Archive for the ‘art’ Category

LV presents “Hawai’i Art Now”

February 9th, 2012
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Nadine Kam photos

The lovely Eli Baxter wrapped up in one of her dark, thorny works, “The Garden Stories: Ascension 2012,” part of a series of pieces made from bicycle inner tubes and electrical wire.

Art lovers were treated to a private preview of the “Hawai’i Art Now” exhibition at Honolulu Academy of Arts on Feb. 7, as part of Louis Vuitton’s Art Walks program.

Launched in 2006, the international cultural program is dedicated to provide insight into the lives and work of artists, and several of the artists were on hand to talk about their work.

Louis Vuitton is the presenting sponsor for the amazing and diverse show, and it’s exciting to get a glimpse of the kinds of contemporary work being done here. It’s always nice to see artists thinking beyond the pervasive bread-and-butter palm tree and ocean “art,” if you can even call it that.

It’s great to see so many of the luxury brands, including Chanel, Hermès and Fendi—all mentioned here before—supporting the arts in Hawaii.

Of course, it reflects a love of artistry and craftsmanship that has been at the heart of LV’s culture since its founding in 1854. In modern times, Marc Jacobs, artistic director since 1997, has been a leader in forging collaborations with artists, bringing the unique visions of such contemporary artists as Stephen Sprouse, Takashi Murakami and Richard Prince to the brand.

I got there too late to hear the artists, but there was a whole lot of buzz about that little red box on the pedestal, covered in the artist’s skin. She probably got the reaction she wanted. Guests were grossed out but titillated. I will definitely go back for a closer look!

Some of Sally French’s “Superheroes.” It’s scary that the one on the lower left looks a little like me. A couple other of her miniatures also look like me.

Dorothy Faison’s “The Captain’s Lawnbed Courtesy of the Lawnboat Historical Society, 2011-2012,” with watercolor, lithocoal and charcoal work on the wall, “Aeternum, Servants Sub Pectore Vulnus/Nursting an Everlasting Wound Within the Breast and the Lawan Boats Make Their Deliveries, 2008.”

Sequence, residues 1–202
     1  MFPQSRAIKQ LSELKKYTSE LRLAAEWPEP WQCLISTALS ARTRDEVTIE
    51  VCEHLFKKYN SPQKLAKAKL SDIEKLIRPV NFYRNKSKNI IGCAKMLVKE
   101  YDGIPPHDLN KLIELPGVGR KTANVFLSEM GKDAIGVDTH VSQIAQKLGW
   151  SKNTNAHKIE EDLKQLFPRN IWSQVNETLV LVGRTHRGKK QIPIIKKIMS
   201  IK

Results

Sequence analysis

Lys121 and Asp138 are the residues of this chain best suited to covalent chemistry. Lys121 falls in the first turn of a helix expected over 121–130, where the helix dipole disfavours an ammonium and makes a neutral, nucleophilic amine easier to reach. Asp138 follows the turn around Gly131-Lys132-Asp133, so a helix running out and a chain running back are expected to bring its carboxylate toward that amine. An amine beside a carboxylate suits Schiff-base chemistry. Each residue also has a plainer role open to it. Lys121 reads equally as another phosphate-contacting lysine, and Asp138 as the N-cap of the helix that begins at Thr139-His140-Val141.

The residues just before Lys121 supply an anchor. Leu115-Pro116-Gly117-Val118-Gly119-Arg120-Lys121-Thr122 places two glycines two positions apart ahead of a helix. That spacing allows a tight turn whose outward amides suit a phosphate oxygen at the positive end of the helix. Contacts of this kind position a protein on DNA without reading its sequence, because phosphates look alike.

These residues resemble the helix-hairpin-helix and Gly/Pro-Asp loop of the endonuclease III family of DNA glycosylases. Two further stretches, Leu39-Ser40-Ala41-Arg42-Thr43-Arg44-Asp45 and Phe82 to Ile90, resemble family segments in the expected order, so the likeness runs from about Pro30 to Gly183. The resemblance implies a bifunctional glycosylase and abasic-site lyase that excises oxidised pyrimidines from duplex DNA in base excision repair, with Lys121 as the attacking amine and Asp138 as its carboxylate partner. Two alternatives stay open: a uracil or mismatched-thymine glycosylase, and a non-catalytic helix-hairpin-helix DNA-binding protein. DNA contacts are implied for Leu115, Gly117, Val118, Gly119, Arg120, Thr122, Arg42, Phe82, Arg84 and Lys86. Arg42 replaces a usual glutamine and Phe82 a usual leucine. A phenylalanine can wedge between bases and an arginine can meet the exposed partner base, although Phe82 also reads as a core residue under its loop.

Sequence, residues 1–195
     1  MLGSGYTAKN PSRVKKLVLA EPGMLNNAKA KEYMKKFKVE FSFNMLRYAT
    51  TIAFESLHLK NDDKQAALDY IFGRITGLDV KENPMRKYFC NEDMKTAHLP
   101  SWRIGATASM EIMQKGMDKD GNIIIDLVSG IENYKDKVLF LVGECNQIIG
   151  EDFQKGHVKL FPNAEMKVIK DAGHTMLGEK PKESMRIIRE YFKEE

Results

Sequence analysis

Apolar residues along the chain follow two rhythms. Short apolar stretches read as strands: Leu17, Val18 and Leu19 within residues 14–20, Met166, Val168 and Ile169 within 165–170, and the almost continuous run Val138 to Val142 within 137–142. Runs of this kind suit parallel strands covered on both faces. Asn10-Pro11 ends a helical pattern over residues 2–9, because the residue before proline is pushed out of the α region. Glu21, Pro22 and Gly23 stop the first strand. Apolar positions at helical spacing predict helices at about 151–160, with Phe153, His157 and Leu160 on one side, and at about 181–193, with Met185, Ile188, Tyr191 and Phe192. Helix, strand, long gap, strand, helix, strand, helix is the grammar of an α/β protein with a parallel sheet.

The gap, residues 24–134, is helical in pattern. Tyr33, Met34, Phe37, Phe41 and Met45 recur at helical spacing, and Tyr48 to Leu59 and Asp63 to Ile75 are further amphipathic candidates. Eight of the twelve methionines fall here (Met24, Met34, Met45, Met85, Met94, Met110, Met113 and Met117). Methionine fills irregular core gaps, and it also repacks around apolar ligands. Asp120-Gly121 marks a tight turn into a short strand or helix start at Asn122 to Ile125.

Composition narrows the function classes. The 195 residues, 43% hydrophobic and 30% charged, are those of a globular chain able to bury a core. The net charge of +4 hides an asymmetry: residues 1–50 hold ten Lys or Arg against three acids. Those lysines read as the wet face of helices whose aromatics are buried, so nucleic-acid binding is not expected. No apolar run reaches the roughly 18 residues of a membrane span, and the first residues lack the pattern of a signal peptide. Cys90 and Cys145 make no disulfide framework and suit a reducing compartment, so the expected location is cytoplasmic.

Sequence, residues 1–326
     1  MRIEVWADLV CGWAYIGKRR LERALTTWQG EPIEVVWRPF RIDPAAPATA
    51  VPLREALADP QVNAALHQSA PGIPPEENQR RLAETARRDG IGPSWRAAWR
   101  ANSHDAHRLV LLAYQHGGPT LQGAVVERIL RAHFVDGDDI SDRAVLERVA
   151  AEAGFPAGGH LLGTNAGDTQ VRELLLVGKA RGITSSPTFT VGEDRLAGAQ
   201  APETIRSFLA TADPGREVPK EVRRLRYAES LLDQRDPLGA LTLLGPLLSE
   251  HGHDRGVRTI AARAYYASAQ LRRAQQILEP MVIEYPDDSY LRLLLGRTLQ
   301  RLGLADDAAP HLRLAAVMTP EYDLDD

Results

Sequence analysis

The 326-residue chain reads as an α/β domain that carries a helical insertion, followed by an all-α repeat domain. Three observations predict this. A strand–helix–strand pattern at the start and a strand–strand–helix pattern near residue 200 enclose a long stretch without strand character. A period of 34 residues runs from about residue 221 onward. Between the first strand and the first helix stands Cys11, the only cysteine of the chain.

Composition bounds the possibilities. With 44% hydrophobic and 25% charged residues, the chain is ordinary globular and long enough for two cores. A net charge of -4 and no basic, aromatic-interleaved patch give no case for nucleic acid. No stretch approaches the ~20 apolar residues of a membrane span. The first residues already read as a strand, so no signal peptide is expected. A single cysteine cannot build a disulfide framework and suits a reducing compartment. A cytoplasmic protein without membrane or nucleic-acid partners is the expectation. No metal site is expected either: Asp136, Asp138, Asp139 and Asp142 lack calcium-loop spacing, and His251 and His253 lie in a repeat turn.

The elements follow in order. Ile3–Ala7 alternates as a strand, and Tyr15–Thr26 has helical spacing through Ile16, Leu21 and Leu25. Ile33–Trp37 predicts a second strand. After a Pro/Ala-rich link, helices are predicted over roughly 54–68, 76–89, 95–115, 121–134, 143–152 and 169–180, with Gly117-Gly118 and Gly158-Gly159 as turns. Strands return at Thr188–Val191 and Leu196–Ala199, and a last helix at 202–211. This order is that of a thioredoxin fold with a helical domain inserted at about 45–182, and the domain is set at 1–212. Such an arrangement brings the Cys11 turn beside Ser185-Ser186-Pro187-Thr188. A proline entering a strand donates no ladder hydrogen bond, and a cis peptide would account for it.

The path to the courtyards was lighted with battery powered luminaries. Real candles were considered, but champagne and fire are not compatible.

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Akihiko Izukura textile workshops slated

January 10th, 2012
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Courtesy Academy Art Center at Linekona
Textiles by Akihiko Izukura will be available for sale during a trunk show at the Ilikai. The textile artist is in town for a exhibitions and a series of workshops.

The Academy Art Center at Linekona is offering a series of workshops with
Akihiko Izukura, a natural textile artist with an international reputation for striking textile installations and fashion garments.

Through his work, Izukura emphasizes sustainability and the preservation of our environment for future generations. His guiding philosophies are “compassion for life²” and “zero waste.”

During the workshops, students will have the opportunity to learn Izukura’s techniques of natural dyeing, reeling, weaving, netting, braiding and twining. His dyeing incorporates extracts from walnut, madder, clove and logwood, with energy from the sun.

The workshops are being held in conjunction with an exhibition of his work, “Life in Colors in Hawaii 2012,” taking place Jan. 17 to 27 at the University of Hawaii at Manoa and Jan. 15 to Feb. 15 at the Academy Art Center at Linekona.

In addition, he will be presenting a trunk show, with textiles, scarves and some of his zero-waste creations, from 3 to 7 p.m. Jan. 16 and 10 a.m. to 4 p.m. Jan. 17 at the Ilikai Hotel & Suites, 1777 Ala Moana Blvd., suite 2210.

One of Akihiko Izukura’s braiding scarves.

Here are the workshops:

Jan. 18
Braiding Scarf: Learn sun-dyeing and braiding techniques. Use double-dyed accordion
tapes of 100 percent silk to create three colorful strands that will be braided
together to make a scarf. From 9 a.m. to  1 p.m.; $125.

Jan 19
Netting Scarf: Dye two pieces of silk fabric, cut and net to make a silk scarf. From 9 a.m. to noon; $80.

An example of reeling fibers by hand.

Jan. 20 and 21
Reeling: Learn reeling techniques with silk thread. To start, students will construct a form from cardboard and plastic wrap. Silk thread is then reeled onto this form and starched. The silk sculpture is then removed from the form. A demonstration of reeling
directly from silkworm cocoons will be provided. From 9 a.m. to noon; cost of two sessions is $160.

Zero-Waste Fashion Design: Workshop focuses on sustainability in fashion design, using natural materials. Students will experience sun-dyeing with a silk tube textile.
The silk tube will then be used to create a zero-waste garment. Students should bring their own sewing machines or needles and threads for hand-sewing. From 1 to 5 p.m., two sessions, $300.

Feb. 8 to 10
Eight Ceremonial Methods of Dyeing and Weaving: This workshop will explore the theory of spinning, dyeing and weaving. Make yarn by hand (reeling, spinning and plying) from silk and hemp, then sun-dye them. Students will set the warp on original Izukura handlooms and experiment with techniques of netting, braiding and weaving. From 9 a.m. to ­ 1 p.m.;cost of three sessions is $300.

For information and registration, visit
http://www.honoluluacademy.org/learn/classes/izukura_workshops